U.S. Airlines See Scant Travel Drop After Terror Scare

The diversion of a trans-Atlantic United Airlines flight to Boston after a passenger became unruly grabbed headlines this week, but perhaps more significant was that the Boeing 767 was carrying 182 passengers—more than 94 percent of capacity, The Wall Street Journal reports. A week after authorities foiled a terrorist plot aimed at jetliners flying from the United Kingdom to the U.S., consumers appear to be sticking with air travel. Airlines said customers still are using the tickets they had purchased before the arrests and continue to buy new ones. Airlines stressed that it is too early to measure the full financial impact. The industry will closely watch the level of new bookings in coming weeks. It is also unclear whether the inconvenience of new security measures will discourage air travel over the longer term. With a few exceptions—like an uptick in the use of curbside check-in facilities for checked baggage reported by AMR Corp.'s American Airlines—other U.S. carriers echoed the message of status quo. Amtrak officials said the railroad hasn't seen a change in tickets issued as a result of last week's threat to airlines. The effect has been more pronounced in Europe, particularly in Britain, the starting point for the plot. From Saturday through Monday, all airlines operating from London's three biggest airports were forced to cancel up to 30 percent of flights.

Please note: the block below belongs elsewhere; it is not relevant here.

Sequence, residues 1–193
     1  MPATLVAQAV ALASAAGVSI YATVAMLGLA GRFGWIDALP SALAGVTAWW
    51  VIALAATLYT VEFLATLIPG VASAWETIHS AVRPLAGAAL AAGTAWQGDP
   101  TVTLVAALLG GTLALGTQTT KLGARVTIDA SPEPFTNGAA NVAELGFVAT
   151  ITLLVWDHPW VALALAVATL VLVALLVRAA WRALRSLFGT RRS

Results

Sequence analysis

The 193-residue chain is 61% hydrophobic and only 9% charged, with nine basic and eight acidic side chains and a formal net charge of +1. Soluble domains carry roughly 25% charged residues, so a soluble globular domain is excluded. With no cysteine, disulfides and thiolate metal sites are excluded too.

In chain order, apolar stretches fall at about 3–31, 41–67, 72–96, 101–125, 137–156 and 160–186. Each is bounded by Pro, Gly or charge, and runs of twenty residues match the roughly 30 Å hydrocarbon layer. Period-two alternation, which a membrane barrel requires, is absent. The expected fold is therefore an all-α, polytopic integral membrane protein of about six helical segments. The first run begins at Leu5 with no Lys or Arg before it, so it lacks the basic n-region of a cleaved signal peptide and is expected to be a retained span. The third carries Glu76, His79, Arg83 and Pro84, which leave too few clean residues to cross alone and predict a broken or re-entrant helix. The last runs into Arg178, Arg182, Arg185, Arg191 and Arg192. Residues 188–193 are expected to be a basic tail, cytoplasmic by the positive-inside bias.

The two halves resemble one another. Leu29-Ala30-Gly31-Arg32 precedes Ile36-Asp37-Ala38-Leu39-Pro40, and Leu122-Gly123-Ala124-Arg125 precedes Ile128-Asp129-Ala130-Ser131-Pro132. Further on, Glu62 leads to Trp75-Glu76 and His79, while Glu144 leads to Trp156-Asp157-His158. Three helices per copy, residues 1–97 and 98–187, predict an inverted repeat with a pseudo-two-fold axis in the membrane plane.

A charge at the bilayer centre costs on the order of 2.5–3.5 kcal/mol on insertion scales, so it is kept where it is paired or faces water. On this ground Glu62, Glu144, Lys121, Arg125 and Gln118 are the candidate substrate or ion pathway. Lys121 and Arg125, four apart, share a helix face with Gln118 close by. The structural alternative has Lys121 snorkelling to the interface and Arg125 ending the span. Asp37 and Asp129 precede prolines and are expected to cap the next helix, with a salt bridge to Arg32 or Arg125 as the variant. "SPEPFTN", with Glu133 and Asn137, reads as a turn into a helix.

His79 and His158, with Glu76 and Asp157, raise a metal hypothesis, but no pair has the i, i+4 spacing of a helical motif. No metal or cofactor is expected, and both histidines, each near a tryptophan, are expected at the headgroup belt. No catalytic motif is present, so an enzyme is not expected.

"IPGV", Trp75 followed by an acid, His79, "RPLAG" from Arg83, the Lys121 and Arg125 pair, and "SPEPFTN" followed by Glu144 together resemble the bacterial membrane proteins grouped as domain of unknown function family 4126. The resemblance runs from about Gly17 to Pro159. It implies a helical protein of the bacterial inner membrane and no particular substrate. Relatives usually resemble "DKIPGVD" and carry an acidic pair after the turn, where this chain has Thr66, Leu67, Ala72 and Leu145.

Suggested Articles:

After the House approved the $2 trillion COVID-19 stimulus package on Friday, President Donald Trump signed the bill into law. Read more here.

From Thailand to Nepal, tourists across Asia are finding their vacations turning to nightmares as airlines cancel flights and countries close borders.

The CARES Act, passed by the Senate, would pour $2 trillion into the U.S. Economy. Read more.